Novel Strategies to Reduce Pathogens in Food
BY: IFT Staff
Monday, July 13; 10:00–11:30 a.m.
Contamination of foods by foodborne pathogens on meat and poultry products, fresh produce, seafood, and other foods can occur at any point along the food chain. Traditional physical and chemical interventions against pathogens including thermal treatments and antimicrobials are widely employed during food processing and on food-contact surfaces.
Recently, there is growing interest in the development of minimal impact and nonthermal decontamination processes that will effectively inactivate pathogens while preserving product quality. This session will begin with an overview of current issues, regulations, and processing practices to control Campylobacter and Salmonella in poultry products, followed by a discussion of recent advances in cold plasma, high-intensity monochromatic light treatments, and other waterless sanitation technologies. Next, recent studies of applying electronic beam to inactivate foodborne pathogens in a variety of food matrices including seafood will be explored. And finally, the effectiveness of isoelectric solubilization and precipitation to reduce microbial pathogens in recovered protein from meat processing byproducts (animal, bird, and fish) will conclude the session.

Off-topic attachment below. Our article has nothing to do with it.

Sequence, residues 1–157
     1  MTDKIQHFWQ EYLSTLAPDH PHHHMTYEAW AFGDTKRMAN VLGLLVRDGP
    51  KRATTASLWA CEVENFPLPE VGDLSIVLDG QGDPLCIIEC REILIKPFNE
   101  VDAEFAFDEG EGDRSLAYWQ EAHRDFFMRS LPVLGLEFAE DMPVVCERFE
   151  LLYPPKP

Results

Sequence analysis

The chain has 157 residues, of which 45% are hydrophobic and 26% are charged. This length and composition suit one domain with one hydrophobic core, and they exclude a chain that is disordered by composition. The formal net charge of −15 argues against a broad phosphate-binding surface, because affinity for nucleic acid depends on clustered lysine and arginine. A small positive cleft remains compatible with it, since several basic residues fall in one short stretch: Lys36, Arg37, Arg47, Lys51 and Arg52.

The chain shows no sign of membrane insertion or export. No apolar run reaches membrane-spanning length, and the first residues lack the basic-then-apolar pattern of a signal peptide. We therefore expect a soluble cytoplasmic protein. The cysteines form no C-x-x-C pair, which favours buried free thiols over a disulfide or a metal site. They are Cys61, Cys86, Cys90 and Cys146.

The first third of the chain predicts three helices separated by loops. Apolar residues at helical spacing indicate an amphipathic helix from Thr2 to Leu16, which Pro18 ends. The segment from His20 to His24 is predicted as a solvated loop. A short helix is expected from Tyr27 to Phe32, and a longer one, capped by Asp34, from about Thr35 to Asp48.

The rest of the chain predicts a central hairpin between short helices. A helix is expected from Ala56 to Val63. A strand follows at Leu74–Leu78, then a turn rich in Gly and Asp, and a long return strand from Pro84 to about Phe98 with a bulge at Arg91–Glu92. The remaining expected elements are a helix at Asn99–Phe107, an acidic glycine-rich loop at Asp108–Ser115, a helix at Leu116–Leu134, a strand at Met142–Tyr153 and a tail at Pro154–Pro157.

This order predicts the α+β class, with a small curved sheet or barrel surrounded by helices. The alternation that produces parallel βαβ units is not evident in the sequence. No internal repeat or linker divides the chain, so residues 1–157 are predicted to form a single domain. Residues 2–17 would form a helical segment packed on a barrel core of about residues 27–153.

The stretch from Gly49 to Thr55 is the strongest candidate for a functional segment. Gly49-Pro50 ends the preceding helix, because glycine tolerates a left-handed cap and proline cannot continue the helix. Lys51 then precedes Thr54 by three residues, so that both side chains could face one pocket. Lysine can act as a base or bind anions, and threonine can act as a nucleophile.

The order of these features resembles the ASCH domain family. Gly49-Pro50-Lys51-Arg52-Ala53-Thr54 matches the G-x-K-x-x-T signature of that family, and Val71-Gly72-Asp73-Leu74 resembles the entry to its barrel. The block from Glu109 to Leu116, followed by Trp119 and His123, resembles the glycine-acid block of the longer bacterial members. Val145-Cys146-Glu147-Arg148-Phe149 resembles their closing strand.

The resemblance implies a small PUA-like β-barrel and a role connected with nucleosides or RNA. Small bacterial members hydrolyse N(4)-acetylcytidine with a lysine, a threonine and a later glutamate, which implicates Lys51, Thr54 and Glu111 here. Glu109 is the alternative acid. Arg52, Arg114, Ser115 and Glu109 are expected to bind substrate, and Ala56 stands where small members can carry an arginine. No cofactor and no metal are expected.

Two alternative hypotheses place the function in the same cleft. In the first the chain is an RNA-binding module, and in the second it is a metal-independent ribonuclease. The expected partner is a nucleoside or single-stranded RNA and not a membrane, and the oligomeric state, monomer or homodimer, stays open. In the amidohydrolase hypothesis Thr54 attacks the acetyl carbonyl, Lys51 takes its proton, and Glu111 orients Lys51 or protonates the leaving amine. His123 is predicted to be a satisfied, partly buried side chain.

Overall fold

Presented by: Shelly McKee, USA Poultry and Egg Export Council; Brendan Niemira, USDA-ERRC; Jacek Jaczynski, West Virginia Univ.; Kristen Matak, West Virginia Univ.